Reed Smith Client Alerts

On May 14, 2020, the U.S. Department of State, the U.S. Department of the Treasury’s Office of Foreign Assets Control (OFAC), and the U.S. Coast Guard issued further, long-awaited guidance to the maritime industry and energy and metals sectors pertaining to illicit shipping and sanctions evasion (the Guidance).

The Guidance is addressed to the maritime industry at large, as well as those actors specifically identified including shipowners, brokers, chandlers, flag registries, port operators, freight forwarders, classification service providers, commodity traders, insurance companies, vessel captains, and financial institutions.

This relatively weighty document consists of a general analysis of deceptive shipping practices and guidance as to how such practices can be detected and prevented by the industry. The guidance is followed by two annexes, the first of which provides tailored advice to specific service providers and operators in the maritime sector, and the second, which specifically addresses North Korea, Iran and Syria related sanctions.

The Guidance first discusses deceptive shipping practices that OFAC has identified over the years. These include; AIS manipulation; physical alteration a vessel’s identification; falsification of documents; STS operations (particularly at night); voyage irregularities; flag hopping, and complex ownership structures.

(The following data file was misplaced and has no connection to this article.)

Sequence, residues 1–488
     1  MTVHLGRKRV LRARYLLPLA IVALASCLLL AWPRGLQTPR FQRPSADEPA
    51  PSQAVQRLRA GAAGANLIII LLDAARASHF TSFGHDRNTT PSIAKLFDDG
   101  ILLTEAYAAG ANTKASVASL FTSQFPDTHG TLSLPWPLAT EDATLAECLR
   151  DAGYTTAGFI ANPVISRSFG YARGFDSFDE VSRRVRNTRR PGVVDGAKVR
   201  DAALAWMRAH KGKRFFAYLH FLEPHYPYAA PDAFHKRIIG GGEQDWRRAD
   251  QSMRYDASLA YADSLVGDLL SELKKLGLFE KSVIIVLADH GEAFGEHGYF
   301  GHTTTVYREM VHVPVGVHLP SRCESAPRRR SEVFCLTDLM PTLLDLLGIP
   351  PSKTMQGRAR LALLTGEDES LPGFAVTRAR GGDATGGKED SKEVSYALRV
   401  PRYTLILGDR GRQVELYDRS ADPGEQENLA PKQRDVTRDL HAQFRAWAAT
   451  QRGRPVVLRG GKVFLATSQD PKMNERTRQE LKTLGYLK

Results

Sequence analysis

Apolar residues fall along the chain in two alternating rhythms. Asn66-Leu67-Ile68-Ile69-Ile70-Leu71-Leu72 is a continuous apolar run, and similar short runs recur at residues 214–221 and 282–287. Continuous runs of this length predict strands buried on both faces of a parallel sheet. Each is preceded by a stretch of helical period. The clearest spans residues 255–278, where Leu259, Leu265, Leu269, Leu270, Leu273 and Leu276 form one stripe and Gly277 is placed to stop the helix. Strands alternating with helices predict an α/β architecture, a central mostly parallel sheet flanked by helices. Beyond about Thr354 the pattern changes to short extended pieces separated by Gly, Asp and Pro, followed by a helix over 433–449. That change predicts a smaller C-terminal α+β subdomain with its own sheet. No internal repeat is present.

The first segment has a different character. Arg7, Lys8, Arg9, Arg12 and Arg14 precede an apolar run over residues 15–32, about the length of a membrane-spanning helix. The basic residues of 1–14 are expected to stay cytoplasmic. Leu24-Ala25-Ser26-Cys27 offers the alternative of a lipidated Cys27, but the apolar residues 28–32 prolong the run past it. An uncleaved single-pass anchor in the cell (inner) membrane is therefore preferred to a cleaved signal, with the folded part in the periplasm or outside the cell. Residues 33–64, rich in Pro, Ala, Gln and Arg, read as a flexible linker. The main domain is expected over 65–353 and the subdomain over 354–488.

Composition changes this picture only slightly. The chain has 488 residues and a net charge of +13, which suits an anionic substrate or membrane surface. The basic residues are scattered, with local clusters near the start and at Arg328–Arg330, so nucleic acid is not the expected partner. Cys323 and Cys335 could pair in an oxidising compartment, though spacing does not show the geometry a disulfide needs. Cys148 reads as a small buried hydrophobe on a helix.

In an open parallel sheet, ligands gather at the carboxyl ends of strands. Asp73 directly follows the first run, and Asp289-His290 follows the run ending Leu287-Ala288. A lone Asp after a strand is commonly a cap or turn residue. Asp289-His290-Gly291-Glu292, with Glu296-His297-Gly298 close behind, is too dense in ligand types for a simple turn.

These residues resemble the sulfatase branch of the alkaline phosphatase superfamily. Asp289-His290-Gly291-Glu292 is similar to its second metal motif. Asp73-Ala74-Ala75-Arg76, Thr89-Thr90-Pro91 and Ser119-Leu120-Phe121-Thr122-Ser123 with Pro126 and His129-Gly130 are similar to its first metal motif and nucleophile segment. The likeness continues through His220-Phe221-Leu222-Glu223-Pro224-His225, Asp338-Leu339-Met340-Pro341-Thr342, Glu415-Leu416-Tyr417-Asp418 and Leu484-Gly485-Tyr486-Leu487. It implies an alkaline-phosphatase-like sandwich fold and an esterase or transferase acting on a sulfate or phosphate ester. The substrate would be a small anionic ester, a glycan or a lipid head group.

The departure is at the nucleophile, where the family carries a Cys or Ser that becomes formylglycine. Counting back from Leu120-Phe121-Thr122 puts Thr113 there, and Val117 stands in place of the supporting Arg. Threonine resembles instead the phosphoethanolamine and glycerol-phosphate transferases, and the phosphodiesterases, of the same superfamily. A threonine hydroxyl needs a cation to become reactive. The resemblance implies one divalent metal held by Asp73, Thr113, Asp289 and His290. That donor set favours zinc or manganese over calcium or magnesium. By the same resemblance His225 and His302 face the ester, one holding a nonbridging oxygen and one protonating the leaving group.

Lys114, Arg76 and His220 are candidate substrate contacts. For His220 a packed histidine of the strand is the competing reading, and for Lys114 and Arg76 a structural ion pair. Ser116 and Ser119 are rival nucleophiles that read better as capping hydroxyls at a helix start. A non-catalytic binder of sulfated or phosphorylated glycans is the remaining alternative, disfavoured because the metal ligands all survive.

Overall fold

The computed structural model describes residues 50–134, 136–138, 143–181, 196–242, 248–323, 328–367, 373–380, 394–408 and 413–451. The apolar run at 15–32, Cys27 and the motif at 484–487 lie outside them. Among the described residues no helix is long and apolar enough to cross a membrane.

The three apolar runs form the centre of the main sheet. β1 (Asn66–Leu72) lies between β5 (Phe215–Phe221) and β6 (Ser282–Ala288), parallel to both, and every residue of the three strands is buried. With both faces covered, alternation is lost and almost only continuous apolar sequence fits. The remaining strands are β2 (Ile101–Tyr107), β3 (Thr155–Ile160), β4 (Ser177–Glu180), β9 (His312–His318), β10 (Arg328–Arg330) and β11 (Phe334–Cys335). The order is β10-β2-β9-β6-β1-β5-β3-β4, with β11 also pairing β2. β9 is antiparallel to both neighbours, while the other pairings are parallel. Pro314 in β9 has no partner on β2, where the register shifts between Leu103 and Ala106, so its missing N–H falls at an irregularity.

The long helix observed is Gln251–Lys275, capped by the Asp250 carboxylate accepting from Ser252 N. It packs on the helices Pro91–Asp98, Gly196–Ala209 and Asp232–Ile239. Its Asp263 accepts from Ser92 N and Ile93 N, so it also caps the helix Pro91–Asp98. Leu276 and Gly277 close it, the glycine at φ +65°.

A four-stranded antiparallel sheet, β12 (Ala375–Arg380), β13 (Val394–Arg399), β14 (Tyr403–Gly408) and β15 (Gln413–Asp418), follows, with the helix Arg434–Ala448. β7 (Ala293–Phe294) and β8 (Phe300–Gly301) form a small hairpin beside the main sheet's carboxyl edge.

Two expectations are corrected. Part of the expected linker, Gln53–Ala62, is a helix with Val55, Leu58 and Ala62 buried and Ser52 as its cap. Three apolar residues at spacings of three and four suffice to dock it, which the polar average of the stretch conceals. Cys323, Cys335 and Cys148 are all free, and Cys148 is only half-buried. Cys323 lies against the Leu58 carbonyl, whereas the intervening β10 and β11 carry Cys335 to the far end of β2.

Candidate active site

The Guidance then sets out suggestions as to how best tailor a company’s due diligence and sanctions compliance policies as part of a risk-based approach to sanctions compliance. Consistent with the U.S. approach to date, adopting a sanctions compliance program is not a mandatory requirement, nor will adherence to the Guidance absolve an entity of sanctions breaches. Clearly, however, adopting an effective compliance policy will both reduce the risk of violations and act as a powerful mitigating factor in the event a violation occurs.

The Guidance identifies five essential components of a sanctions compliance program, while leaving it to the private sector to operationalize these facets: (1) management commitment, (2) risk assessment, (3) internal controls, (4) testing and auditing, and (5) training. Additionally, counterparties, partners, subsidiaries, and affiliates should be informed of a company’s compliance standards.